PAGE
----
Corn Ethanol as Energy

HIR Issue:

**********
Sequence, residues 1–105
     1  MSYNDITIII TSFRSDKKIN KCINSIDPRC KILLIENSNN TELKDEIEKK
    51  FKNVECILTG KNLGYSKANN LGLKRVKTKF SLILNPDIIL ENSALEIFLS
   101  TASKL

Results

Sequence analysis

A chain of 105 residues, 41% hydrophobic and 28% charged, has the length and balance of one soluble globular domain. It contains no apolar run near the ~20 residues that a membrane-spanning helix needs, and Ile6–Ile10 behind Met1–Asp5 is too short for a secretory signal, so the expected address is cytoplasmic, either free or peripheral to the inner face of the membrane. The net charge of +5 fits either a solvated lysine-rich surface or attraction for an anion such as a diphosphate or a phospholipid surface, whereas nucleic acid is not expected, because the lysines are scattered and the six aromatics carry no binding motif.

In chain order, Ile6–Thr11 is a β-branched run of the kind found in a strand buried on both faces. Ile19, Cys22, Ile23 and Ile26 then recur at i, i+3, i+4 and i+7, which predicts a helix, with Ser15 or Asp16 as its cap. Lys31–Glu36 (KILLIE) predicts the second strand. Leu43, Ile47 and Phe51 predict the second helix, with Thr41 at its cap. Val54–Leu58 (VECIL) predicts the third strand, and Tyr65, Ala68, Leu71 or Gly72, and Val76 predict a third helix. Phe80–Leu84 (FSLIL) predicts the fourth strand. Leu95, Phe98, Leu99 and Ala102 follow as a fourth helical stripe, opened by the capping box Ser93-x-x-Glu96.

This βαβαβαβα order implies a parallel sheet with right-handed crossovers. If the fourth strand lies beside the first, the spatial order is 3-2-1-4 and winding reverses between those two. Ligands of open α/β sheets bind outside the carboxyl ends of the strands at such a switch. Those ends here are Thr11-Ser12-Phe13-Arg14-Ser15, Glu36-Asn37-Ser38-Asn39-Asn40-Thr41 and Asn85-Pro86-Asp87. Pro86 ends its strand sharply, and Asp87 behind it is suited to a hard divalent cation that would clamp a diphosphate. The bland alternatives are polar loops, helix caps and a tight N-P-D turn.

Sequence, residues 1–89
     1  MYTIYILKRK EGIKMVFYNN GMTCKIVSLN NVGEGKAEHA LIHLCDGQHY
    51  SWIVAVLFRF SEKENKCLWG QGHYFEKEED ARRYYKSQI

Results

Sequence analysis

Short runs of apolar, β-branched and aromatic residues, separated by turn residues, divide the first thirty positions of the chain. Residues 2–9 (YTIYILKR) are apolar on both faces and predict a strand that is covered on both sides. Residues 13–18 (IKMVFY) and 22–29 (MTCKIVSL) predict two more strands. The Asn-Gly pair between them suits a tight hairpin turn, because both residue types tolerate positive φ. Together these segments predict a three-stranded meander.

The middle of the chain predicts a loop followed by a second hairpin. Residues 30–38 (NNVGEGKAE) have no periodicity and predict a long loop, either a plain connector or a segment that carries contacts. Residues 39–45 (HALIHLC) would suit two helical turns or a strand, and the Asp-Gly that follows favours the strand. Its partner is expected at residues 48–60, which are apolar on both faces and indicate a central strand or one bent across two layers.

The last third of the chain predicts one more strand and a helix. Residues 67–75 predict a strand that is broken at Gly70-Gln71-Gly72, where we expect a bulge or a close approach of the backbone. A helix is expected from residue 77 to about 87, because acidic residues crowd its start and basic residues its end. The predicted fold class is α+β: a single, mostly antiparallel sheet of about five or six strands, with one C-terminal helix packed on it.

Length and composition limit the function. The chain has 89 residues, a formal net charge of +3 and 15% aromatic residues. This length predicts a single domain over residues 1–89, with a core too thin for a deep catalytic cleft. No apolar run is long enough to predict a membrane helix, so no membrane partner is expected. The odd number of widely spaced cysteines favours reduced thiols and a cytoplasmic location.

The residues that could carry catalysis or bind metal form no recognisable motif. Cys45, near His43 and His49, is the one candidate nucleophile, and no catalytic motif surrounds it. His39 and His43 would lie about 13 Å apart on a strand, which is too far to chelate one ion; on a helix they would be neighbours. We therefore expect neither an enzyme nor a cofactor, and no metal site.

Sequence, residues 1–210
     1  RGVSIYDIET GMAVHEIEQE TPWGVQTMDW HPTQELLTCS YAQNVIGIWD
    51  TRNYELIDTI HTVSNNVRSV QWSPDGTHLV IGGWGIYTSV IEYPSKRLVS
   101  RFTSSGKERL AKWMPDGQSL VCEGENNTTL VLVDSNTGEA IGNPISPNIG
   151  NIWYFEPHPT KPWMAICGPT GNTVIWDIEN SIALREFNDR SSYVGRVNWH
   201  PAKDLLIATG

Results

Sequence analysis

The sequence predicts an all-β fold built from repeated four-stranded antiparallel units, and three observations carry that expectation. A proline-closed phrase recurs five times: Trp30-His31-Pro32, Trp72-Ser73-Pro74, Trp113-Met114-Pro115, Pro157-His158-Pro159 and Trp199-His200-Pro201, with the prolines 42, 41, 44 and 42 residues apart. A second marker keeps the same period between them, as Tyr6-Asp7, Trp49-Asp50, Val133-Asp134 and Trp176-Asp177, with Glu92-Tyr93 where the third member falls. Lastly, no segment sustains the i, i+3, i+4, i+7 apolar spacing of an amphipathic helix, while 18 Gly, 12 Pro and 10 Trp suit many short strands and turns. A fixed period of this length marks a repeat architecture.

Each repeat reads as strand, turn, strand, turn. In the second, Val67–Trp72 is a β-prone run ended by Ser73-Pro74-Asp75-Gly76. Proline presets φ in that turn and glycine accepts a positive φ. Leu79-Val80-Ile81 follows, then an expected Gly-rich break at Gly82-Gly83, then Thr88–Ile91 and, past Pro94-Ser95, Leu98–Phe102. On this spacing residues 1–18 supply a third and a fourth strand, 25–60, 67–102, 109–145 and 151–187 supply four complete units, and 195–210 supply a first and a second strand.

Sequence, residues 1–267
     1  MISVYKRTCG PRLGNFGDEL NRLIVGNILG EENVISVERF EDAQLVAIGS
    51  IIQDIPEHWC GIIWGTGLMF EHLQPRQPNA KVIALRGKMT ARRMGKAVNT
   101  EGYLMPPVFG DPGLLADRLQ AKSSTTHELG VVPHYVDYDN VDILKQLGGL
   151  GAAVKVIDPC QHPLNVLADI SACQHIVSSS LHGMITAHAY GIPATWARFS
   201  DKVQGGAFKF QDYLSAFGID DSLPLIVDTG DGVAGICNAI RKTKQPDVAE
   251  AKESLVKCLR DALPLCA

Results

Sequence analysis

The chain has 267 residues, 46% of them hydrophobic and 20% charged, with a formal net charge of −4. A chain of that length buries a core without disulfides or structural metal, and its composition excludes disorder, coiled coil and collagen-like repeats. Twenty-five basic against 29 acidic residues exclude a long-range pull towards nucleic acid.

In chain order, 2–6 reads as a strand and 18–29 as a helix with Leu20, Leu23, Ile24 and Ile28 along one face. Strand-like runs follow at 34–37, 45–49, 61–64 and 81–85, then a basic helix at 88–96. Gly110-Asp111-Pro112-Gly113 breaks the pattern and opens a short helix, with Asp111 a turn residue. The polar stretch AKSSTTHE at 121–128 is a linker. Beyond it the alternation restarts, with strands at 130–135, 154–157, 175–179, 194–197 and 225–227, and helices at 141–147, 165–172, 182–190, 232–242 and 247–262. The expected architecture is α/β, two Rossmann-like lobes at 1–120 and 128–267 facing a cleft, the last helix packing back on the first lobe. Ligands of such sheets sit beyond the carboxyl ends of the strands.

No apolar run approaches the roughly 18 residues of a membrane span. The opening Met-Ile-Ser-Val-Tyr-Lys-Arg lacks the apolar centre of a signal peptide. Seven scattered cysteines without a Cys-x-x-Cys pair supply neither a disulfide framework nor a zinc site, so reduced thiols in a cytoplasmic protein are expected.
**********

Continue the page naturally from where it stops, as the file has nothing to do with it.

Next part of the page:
Corn grain is one of the major foods of the world. Grains in general provide about 80 percent of the world food calories. Today there is a per capita shortage of grains and other foods, exacerbating the serious global malnourishment problem. The World Health Organization reports that 3.7 billion people are malnourished today—nearly 60 percent of the world population. This is the largest number of malnourished ever in history. In addition to food shortages, there are shortages of cropland and freshwater as well as fossil fuel—particularly oil—shortages. The oil shortage in the United States has prompted politicians and others to propose the use of corn and other food crops as sources of fuel, especially for ethanol production. As a result, nearly 9 billion gallons of ethanol is produced in the United States, using about 33 percent of US corn grain. This 9 billion gallons of ethanol represents only 1.3 percent of total oil consumption in the United States. But the numbers are telling: if all US corn were to be converted into ethanol, it would provide the nation with only 4 percent of total oil consumption. Given these facts, one asks, why is corn grain being converted into fuel while nearly 60 percent of the world population goes hungry? In particular why is US$6 to US$7 billion being spent to subsidize and encourage corn ethanol production? Unfortunately, the United States continues to produce corn ethanol because politicians find it politically useful, though the fuel is far from environmentally sustainable and a viable source for energy independence, as it uses up more energy to produce than it provides. Corn Ethanol In the United States, ethanol from corn constitutes 99 percent of all biofuels. To produce corn ethanol, corn is finely ground and approximately 15 liters of water is added to 2.7 kg of ground corn. After fermentation, to obtain a liter of 95 percent ethanol from the mixture of 10 percent ethanol and 90 percent water, 1 liter of ethanol must be extracted from approximately 10 liters of the ethanol/water mixture. To be mixed with gasoline, the 95 percent ethanol must be further processed to remove more water, requiring additional fossil energy inputs to achieve 99.5 percent pure ethanol. Thus, 22 pounds of corn grain is required to produce 1 gallon of ethanol. To fill the fuel tank of a SUV vehicle with corn ethanol requires a total of 660 pounds of corn or food. This is enough corn to feed two people in a developing country for an entire year. Furthermore, to produce corn ethanol, 46 percent more fossil energy is required to produce a liter of ethanol than than is yielded. Oil therefore must be imported to produce ethanol. As a result, the cost to produce 1 liter of corn ethanol is US$1.05 per liter or US$3.95 per gallon. The corn grain itself accounts for most of the economic and energy inputs to produce the ethanol. For example, it requires approximately 7,090 liters of fossil energy equivalents to produce 3,330 liters of ethanol. Then US President George W. Bush proposed harvesting cellulosic biomass and converting it into ethanol, suggesting that the United States could produce 36 billion gallons of ethanol through this method by 2020. However, while he proposed producing 23 gallons of ethanol per ton of cellulosic biomass, this figure was more than optimistic: our studies shows that it requires 3.3 gallons of oil to produce 1 gallon of ethanol from cellulosic biomass. What Bush also neglected to report was that the total amount of biomass, including 100 percent of all agricultural crops, forest growth, and grass growth each year, totals 2 billion tons (Table 1). Therefore, in order to harvest 1.6 billion tons of cellulosic biomass each year, producers would have to harvest 80 percent of total biomass each year, a clearly unsustainable and infeasible enterprise. Corn Ethanol Production Environmental Impacts The environmental impacts of producing corn ethanol are enormous. First, corn production causes more soil erosion than any other crop grown in the United States. Average soil loss per hectare of corn grown is 17 times greater than the soil formation rate—and it takes 500 years to replace 1 inch of eroded soil from cropland. Second, corn production uses more nitrogen fertilizer than any other crop grown. Nitrogen use is the prime cause of the “dead zone” in the Gulf of Mexico and also contributes to greenhouse gas accumulation and global warming. Approximately 155 kilograms per hectare each year (kg/ha/yr) of nitrogen is applied to corn fields. In addition, nearly 80 kg/ha/yr of phosphorus and 85 kg/ha/yr of potassium is applied per corn growing season. Corn production also uses more total insecticides and total herbicides than any other crop. Each hectare of corn receives nearly 3 kg/yr of insecticides and is treated with slightly more than 6 kg/yr of herbicides. More than 1,7000 gallons of water is required to produce 1 gallon of ethanol from corn. This includes the water required to produce the corn crop, plus the water used in processing the corn to create the ethanol. In addition to the energy used to grow corn for ethanol, there are other significant environmental costs. For example, for every gallon of ethanol produced, there are 12 gallons of sewage effluent that must be discarded. Most of the sewage waste is processed in city sewage processing plants, producing enormous quantities of carbon dioxide. This results from 7,090 liters of oil equivalents of fossil energy used in the production of ethanol per hectare. The fermentation process and the tilling of the soil also release large quantities of carbon dioxide into the atmosphere, while the conversion of cropland for biofuel production further contributes to the release of greenhouse gases. All this carbon dioxide release, of course, contributes to the global warming process, all while ethanol continues to be touted as a “clean fuel.” And using that “clean fuel” even contributes to air pollution. Burning ethanol in automobiles emits several pollutants such as peroxyacetyl nitrate (PAN), acetaldehyde, alkyates, and nitrous oxide. These have significant negative human health effects, as well as negative impacts on other organisms and ecosystems. Subsidies for Corn and Ethanol Corn grain was first subsidized in 1950 immediately after World War II. During the war, US farmers made a major effort to produce sufficient food for the United States, as well as for the United Kingdom and the Allies. After the war ended in 1945, there was a surplus of food being produced in the United States and prices of corn and other crops declined rapidly. As a result the US Congress and President passed legislation to subsidize corn, several other grains, peanuts, cotton, and sugar. These farm subsidies required that farmers raise only a single crop, like corn. This led farmers to sell off their livestock and end their production of a diversity of crops. Removing livestock from grain farms and placing them in feedlots constitued a major mistake as livestock manure could no longer be recycled effectively in crop production on the farm. This has resulted in a major pollution problem in the United States. More people are now exposed to livestock wastes than ever before. Earlier this year, the Center for Disease Control reported that there are 5,000 people, primarily children, die each year due to exposure to livestock wastes. Subsidization of corn crops has created further environmental difficulties. With corn production forced to be a continuous corn on corn production system, soil erosion increased dramatically from only 5 tons/ha/yr to 17 tons/ha/yr. The soil erosion problem costs the nation more than US$40 billion per year, and valuable cropland is degraded at the same time. Furthermore, weed and disease problems increased in corn production as farmers were forced to abandon growing corn in rotation with other crops. The most serious problem was the increase in the corn rootworm problem, leading to the high use of insectices. If farmers grew their corn in rotation with other crops, they could abandon the use of insecticides and also increase corn yields. Wheat, for instance, could be grown in alternation with corn, but the lower market value of wheat would lead to a reduction in economic benefit for farmers. Another problem associated with reducing crop rotations in corn production is that farmers are required to use more nitrogen fertilizer. As mentioned, corn uses more fertilizer today than any other crop grown, and the heavy use of nitrogen fertilizer in corn production results in nitrogen leaking from cornfields, the prime reason for the Dead Zone in the Gulf of Mexico. The result has been a serious reduction in fish and shrimp production. Corn ethanol subsidies are contributing further to the pollution and economic problems in the US. Currently US$6 to US$7 billion is spent each year subsidizing corn ethanol. This means that the subsidies for a gallon of ethanol are 60 times greater than the subsidies for a gallon of gasoline. The Consequences of Corn Ethanol More than 9 billion gallons of ethanol are being produced in the United States today. However, this ethanol represents only 1.3 percent of total oil consumption in the United States. Corn ethanol clearly does not make the United States energy independent. In fact, using 33 percent of all US corn for ethanol production has increased the price of meat, milk, and eggs by 80 percent for the US consumer. As many farmers switched from raising wheat and other grains to raising corn, the price of bread increased by 100 to 200 percent. The most serious concerns, however, have been the grain shortages in other nations, especially developing nations. As grain becomes scare, the rates of starvation and malnutrition soar. Jacques Diouf, Director General of the Food and Agriculture Organization of the United Nations, and Robert Zoellick, President of the World Bank, have both issued statements expressing their serious concerns about using food crops for biofuels, a practice that directly leads to starvation worldwide. With the detrimental effects of corn ethanol production and its devastating impact on consumers abroad and within the United States, it is critical for US policymakers to reconsider the necessity of subsidizing and encouraging the production of corn ethanol. As corn farmers benefit, the economy, the environment, and the world suffer.